By Lauren Davis

After the First World War, many nations realized that the horrors of chemical warfare foreshadowed the destruction that modern biological weapons might some day produce. Forty-four countries signed the Geneva Protocol of 1925, a treaty prohibiting the first use — though not the production — of biological armaments. Seventy-seven years later, both biological and non-biological weapons of mass destruction are both deadlier and more available. Any news of their production is followed by condemnation and regret — but the competition between nations to produce and acquire ever more powerful weapons continues.

Whereas the Geneva Protocol of 1925 only forbids the first use of biological weapons, the 1972 Biological and Toxin Weapons Convention (BTWC), ratified by 143 countries, outlawed the development, production and possession of biological weapons. However, the treaty contained no provisions for verification, and a clause permitted the development and production of otherwise illicit biological agents for “defensive, prophylactic, and peaceful” purposes. Many consider this to be a gaping loophole, as peaceful or defensive intentions can be claimed in the manufacture of any agent in small quantities.

Cold War thinking suggests that any weapon can and should be trumped by a larger, more effective version of itself. However, while early biological weapons had to be selected, cultivated, and bred for maximum virulence, they differed from nuclear warheads in that they were not built from scratch. Today, the ability of scientists to manipulate the genetic material of bacteria and viruses is constantly increasing. As researchers map out bacterial genomes, they will be able to design hybrid “super bugs”, selecting genes that would cause agents to induce particular symptoms or possess a resistance to common treatments. Already we can hybridize pathogens, as well as engineer bacteria to produce organic chemicals otherwise difficult to manufacture. Such new technologies can have legitimate medical uses, including the development of vaccines and diagnostic systems — but though they have medical potential, the threat they pose to the public has not been fully comprehended.

Recombinant DNA (rDNA) technology allows scientists to transfer DNA, and with it genetic characteristics, from one organism to another. The potential use of this technology in the development of biological weapons is self-evident. A microbiologist could transfer desired characteristics such as virulence, resilience and ease of infection, between bacteria and viruses to create a hybrid that would be a more effective weapon than naturally occurring organisms. One of the most chilling examples of this is the Soviet Union’s Cold War era attempt to combine smallpox and ebola, joining the contagiousness of the former with the deadliness of the latter.

Efforts to map bacterial and viral genomes add to the capabilities of rDNA technology. The applications are varied. On the positive side, mapping microbial genomes can make it easier to identify bacterial and viral agents with a DNA test, so increasing the speed and efficiency with which a patient can be treated. A firmer understanding of the genetics of pathogens might also help the development of more effective vaccines and treatments. Unfortunately, a better understanding of these genomes also facilitates the use of rDNA technology to produce more sophisticated pathogens. The more scientists know about the genetics of pathogens, the more precisely they are able to select appropriate characteristics.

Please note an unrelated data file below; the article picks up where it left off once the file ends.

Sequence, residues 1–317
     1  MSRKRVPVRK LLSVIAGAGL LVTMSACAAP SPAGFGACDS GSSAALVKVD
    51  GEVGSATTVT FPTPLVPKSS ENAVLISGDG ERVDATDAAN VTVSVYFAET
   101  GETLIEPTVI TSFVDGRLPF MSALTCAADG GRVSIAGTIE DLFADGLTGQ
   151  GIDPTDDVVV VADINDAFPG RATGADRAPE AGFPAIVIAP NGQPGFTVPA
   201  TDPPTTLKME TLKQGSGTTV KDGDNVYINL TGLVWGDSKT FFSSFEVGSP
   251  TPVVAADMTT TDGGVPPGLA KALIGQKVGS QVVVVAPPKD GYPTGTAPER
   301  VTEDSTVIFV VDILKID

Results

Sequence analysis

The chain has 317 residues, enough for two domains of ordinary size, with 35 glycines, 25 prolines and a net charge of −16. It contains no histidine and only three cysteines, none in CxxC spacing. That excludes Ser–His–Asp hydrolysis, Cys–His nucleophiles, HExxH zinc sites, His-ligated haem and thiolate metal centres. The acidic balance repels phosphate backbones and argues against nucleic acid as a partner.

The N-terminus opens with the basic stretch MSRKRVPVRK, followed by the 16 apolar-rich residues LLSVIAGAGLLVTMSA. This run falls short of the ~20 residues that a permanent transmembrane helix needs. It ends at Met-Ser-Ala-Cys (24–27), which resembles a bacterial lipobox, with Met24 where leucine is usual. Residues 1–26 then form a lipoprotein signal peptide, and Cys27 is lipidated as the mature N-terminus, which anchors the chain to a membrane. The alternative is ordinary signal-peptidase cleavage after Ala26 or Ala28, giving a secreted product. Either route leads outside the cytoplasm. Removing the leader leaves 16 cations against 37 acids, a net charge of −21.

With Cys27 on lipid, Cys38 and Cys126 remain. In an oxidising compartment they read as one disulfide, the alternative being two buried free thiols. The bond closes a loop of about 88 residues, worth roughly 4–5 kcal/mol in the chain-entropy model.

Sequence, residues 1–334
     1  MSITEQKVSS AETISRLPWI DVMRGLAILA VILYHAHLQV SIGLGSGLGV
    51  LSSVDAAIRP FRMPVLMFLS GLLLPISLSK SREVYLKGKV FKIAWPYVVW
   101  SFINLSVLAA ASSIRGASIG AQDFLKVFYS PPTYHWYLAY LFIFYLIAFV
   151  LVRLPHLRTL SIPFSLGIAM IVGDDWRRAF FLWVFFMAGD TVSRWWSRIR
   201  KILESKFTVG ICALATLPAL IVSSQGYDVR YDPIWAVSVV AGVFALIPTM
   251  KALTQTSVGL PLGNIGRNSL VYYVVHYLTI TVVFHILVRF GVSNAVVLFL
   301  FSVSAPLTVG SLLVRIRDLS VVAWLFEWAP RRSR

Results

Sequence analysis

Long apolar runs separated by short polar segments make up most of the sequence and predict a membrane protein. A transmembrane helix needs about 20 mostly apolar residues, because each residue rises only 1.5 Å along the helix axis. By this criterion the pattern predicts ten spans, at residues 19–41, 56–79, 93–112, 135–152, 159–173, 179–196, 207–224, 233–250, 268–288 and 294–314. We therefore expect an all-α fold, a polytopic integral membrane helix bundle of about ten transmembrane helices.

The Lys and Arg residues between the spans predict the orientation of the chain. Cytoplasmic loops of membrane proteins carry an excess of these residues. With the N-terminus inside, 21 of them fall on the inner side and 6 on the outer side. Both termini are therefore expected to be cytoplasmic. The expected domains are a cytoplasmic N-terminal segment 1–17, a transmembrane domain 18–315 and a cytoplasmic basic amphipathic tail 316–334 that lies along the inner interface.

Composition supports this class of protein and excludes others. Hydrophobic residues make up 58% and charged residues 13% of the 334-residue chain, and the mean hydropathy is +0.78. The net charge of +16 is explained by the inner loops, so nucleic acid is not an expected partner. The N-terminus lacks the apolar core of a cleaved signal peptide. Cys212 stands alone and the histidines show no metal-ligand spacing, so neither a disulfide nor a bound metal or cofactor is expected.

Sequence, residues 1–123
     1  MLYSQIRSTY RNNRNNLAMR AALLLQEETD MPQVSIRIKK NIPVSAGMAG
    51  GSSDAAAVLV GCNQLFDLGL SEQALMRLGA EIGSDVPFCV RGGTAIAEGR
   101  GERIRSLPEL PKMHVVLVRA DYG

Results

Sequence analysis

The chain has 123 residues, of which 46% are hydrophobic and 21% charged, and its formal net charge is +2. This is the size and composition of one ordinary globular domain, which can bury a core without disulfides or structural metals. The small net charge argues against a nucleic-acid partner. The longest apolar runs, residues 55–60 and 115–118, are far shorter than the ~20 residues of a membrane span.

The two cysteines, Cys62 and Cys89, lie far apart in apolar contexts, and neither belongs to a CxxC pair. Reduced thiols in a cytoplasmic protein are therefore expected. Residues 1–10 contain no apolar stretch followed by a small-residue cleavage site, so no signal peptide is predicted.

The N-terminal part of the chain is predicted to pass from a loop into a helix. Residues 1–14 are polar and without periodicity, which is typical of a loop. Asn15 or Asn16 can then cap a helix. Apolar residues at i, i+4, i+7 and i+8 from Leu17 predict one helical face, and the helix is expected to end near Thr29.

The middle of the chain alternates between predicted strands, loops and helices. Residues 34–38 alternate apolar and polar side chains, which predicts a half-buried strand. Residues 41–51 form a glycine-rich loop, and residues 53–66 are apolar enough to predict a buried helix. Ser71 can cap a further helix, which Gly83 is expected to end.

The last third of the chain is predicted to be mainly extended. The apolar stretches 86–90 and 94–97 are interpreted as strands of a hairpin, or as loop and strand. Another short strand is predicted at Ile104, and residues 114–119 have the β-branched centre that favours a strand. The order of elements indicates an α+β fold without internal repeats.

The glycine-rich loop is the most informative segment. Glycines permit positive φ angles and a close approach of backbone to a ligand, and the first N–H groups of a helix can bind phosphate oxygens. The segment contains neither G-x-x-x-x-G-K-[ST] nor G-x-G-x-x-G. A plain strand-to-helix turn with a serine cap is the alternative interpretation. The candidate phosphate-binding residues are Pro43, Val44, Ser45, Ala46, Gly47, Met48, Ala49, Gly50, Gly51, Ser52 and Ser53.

There has been some question of whether creating new pathogens could have a defensive use. American advocates claim that the United States needs them to develop vaccines and treatments in the event of a biological attack. However, this claim only justifies the development of pre-existing pathogens which the United States suspects an enemy might use. If scientists do not know precisely what pathogen may be used — and how it was created — the defensive development of novel pathogens is a shot in the dark, an impossible guess at what others might be engineering.

Recombinant DNA technology has long been used to insert genes that induce bacteria to produce specific proteins. Pharmaceutical companies have long used this process to manufacture human proteins such as insulin and interleukin, but it is also used by researchers to manufacture biological toxins for supposedly defensive research. The danger of such convenient manufacture, however, is that it simultaneously gives manufacturers the ability to stockpile these toxins for use as a weapon.
Opponents of biowarfare are naturally worried about the release, intentional or inadvertent, of weaponized biological agents. Such a release would be particularly serious if it involved genetically engineered agents. There would likely be no known vaccine or treatment against a novel pathogen, and even if there were the treatment would probably not be readily available, especially if the agent was released suddenly or accidentally. Even the most basic information about the pathogen — its nature and the symptoms it elicits — would not be readily available, making misdiagnoses and inappropriate treatments probable. Moreover, there is danger that a released pathogen would fit itself into the ecosystem so that it would remain in the environment until the ecosystem changes in major ways. Such an agent would continue to pose a threat long after its release.

The deliberate use of a biological weapon, especially one designed for maximum virulence, also has the potential to affect the group responsible for its release. It is in the nature of pathogens not to confine themselves to a target population; at risk is anyone who comes into contact with the target population, and anyone who comes into contact with them, and so on. Furthermore, biological agents can enter the environment without being deliberately deployed. Not only could an aggressor or saboteur release the agents deliberately, but an accident could infect a researcher or allow an agent to escape without anyone knowing. Residents of nations that research and stockpile biological weapons are at great risk.